How to Bring An End to the War Over Sex Ed

Teaching kids just about abstinence won't prevent teen pregnancies — and neither will focusing solely on safe sex. But one county in South Carolina is finding success by doing both

Erika Larsen / Redux for TIME

Jewels Morris-Davis, with infant simulator, was on track to be a teen-pregnancy stat until she walked into Kristen Jordan's sex-ed class.

Jewels Morris-Davis is a no-nonsense kind of girl. When the high school sophomore turned 16 recently, she didn't celebrate with any My Super Sweet 16 foolishness. Nor did she rush to get her driver's license and race around the back roads in this rural northwest corner of South Carolina. But Jewels did quietly revel in one achievement. "I am," she says a few weeks later, a proud smile spreading across her face, "the first person in my family to reach 16 without getting pregnant--or getting somebody pregnant."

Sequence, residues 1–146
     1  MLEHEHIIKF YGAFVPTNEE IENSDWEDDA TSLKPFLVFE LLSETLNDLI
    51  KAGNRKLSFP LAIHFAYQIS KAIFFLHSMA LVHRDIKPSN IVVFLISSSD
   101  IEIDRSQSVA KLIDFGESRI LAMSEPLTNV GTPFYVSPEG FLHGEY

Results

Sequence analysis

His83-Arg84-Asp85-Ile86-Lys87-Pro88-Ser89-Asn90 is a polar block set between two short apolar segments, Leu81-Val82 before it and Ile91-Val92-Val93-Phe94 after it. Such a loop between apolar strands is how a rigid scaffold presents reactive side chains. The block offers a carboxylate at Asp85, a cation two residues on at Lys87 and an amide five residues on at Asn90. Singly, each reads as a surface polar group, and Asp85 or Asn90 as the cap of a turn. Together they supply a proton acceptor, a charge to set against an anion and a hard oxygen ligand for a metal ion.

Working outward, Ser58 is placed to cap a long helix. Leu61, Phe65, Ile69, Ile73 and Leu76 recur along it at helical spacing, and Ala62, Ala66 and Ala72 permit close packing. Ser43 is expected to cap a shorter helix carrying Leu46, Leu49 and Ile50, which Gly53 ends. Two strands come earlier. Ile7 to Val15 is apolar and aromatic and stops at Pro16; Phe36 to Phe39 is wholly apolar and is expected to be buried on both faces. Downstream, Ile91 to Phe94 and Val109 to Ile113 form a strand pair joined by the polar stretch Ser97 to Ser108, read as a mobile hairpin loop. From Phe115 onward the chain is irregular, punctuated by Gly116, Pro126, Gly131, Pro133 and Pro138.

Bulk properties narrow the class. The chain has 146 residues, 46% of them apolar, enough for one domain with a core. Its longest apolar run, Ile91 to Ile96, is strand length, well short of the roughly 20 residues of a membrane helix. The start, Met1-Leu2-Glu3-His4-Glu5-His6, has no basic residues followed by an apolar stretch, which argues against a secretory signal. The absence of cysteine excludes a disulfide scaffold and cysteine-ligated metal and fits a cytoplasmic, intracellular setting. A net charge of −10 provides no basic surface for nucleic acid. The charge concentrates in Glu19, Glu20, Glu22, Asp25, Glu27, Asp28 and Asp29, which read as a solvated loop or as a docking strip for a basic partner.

Five years ago, Jewels was firmly on track to continue the family tradition of...

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